Teacup
Flickr image embedded instantly into WordPress Gutenberg

This is far easier than how we all had to embed Flickr images in any previous WordPress editor. Given that I use Flickr to host my photographs, Gutenberg is making creating posts significantly faster for me!

Embedding Flickr images in the WordPress Gutenberg editor

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Using the WordPress Gutenberg editor

WordPress has been working for a long time on a new post editor, which they’ve named Gutenberg. The folks at WordPress.com are slowly rolling it out to users, allowing them to opt in to test it. As soon as it was available to me I took the plunge, and have written several posts with it now.

I remember the last time they rolled out an all-new editor — it broke all of my workflows and frustrated me for weeks until I learned it.

Gutenberg didn’t. That’s not to say it’s like any past WordPress editor; it’s not. It doesn’t offer Microsoft Word-style editing like every other editor in the universe. Each paragraph, photo, everything is its own element known as a block.

I thought this would be the most overthought editor design ever. But then I started typing my first post, and the majority of things I wanted to do fell right to hand or were quickly discoverable.

I make software for a living. Let me tell you — the quick learnability they have delivered is no mean feat. Within a couple posts I didn’t want to use the old editors anymore. I even converted my in-progress posts to Gutenberg.

To add any kind of content, you press Enter to create a new block. If you want a text element, just type. If you want any other kind of element — image, YouTube embed, pull quote, anything — hover over the block with your mouse, click the plus-in-a-circle icon that appears, and choose the kind of content you want from the list that opens. The block will then give you every clue you need to create, link to, or embed that content.

Here’s a random image from my WordPress media library, easily inserted as a block.

Moving blocks around isn’t a cut-and-paste operation, as it is in every other editor. You hover over the block with your mouse and some controls appear that let you drag and drop the block, or move it up or down in the document.

There are a few quirks yet that I hope they iron out.

Empty image block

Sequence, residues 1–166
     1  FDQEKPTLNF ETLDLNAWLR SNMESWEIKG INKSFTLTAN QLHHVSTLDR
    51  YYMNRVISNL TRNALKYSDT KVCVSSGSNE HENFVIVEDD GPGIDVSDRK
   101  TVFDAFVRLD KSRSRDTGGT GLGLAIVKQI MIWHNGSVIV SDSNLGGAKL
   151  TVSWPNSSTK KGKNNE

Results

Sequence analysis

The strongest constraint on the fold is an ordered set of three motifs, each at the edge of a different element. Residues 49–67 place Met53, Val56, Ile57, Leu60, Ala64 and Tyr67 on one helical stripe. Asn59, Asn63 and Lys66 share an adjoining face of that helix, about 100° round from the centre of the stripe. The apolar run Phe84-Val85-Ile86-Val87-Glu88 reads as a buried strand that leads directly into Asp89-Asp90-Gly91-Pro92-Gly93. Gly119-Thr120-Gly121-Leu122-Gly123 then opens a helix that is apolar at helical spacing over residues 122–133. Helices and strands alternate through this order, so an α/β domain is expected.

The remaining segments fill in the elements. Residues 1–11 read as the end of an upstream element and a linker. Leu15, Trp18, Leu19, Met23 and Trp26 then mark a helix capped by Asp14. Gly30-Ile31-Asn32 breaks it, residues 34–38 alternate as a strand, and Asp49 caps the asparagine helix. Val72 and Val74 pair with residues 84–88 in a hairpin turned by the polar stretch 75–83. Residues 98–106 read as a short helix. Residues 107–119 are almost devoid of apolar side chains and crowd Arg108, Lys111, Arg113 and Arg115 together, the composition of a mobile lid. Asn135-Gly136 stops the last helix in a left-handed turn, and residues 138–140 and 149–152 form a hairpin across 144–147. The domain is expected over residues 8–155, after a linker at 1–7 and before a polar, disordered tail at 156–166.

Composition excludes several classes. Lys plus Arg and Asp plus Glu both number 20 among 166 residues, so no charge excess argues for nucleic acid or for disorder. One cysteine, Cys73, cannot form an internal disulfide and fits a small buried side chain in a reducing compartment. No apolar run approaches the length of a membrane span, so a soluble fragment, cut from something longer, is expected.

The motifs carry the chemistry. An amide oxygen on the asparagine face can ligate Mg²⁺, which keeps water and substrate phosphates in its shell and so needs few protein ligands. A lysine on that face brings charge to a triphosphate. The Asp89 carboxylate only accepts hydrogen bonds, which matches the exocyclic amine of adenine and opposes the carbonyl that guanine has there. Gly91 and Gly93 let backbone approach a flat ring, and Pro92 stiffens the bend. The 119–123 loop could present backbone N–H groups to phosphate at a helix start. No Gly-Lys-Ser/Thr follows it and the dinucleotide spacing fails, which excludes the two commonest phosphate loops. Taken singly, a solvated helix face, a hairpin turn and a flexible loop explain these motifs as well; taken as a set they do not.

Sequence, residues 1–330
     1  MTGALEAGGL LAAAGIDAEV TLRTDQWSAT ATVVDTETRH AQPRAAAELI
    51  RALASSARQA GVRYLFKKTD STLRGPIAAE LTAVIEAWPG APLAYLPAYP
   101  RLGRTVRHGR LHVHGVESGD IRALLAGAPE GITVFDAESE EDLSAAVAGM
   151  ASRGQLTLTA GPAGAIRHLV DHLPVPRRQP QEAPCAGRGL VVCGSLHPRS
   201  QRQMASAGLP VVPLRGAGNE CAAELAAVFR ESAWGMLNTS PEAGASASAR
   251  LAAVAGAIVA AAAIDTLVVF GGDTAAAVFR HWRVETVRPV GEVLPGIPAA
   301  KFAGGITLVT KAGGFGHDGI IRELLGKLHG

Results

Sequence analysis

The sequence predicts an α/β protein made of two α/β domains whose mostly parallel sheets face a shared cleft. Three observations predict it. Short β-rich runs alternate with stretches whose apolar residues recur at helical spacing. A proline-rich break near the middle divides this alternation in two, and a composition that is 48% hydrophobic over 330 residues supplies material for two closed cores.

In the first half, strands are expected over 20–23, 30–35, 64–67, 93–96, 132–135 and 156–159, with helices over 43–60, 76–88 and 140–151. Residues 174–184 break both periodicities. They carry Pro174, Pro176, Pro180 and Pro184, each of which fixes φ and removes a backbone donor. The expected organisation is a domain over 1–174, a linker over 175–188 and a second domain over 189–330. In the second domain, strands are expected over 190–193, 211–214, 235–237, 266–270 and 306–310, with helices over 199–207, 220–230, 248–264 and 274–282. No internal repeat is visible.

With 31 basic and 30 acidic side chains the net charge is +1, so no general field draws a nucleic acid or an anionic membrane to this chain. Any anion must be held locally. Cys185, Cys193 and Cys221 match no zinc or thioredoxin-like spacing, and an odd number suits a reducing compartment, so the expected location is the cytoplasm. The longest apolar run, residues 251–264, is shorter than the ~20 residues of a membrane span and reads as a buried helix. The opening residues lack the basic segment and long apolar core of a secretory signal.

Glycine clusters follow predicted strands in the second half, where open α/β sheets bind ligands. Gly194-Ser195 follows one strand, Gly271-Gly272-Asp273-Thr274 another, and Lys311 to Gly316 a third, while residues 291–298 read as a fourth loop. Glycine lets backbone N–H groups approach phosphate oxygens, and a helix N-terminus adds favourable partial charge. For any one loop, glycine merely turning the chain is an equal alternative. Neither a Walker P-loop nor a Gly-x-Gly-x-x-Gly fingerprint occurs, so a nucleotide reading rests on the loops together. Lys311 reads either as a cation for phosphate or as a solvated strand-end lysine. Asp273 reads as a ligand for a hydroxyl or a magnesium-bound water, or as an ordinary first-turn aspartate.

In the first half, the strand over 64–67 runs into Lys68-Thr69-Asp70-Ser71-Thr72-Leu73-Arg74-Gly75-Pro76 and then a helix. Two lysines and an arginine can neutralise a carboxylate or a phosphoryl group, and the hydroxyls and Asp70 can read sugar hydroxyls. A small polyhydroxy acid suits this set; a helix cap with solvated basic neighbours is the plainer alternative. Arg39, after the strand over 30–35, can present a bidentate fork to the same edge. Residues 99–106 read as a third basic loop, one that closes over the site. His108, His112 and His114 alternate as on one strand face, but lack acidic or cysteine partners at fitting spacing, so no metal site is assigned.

First and foremost for me: you can’t directly embed Flickr images. You’d think you could use “Insert from URL,” but it doesn’t work for Flickr (yet?).

Fortunately, there’s a workaround: create an image block and hover over it. A toolbar pops up. Click the icon that looks like three dots stacked vertically. From the menu that appears, choose Edit as HTML. You’ll see some block code in there; triple click to select it all. Then paste in the image’s HTML embed code from Flickr. Then click away from the block. You will get a message about it not being in block format. Click Resolve, and then scroll down and click Convert to Block.

A helpful commenter explained that you can insert a Flickr image simply by pasting its embed code into an empty block. Bam! Easiest Flickr embedding ever in WordPress!

At Coxhall Gardens
Embedded image from Flickr.

This is far easier than it was in the old editors, which had limited Flickr embed functionality. I always switched to HTML view and pasted the embed code there, which was more a pain than the workaround method in Gutenberg. But still, here’s hoping that WordPress streamlines this even more.

Another quirk is that while typing, if you delete the first letter of a word it also deletes the space before it. I have to assume this is a bug.

On my theme, at least, paragraph spacing is different (it’s most noticeable before and after images, as the image isn’t evenly spaced with the surrounding paragraphs). And image captions are centered, where the old editor left-aligns them.

There also isn’t a way to set the text Publicize uses when it sends your post to your social media accounts. I’ve been going back and doing that in the old editor; it seems to hold the formatting okay. Gutenberg creates code that is very different from the old editor’s so that wasn’t a given.

Again, I’m shocked by how easily and quickly I’m taking to Gutenberg. I look forward to WordPress improving on these quirks and adding missing functionality.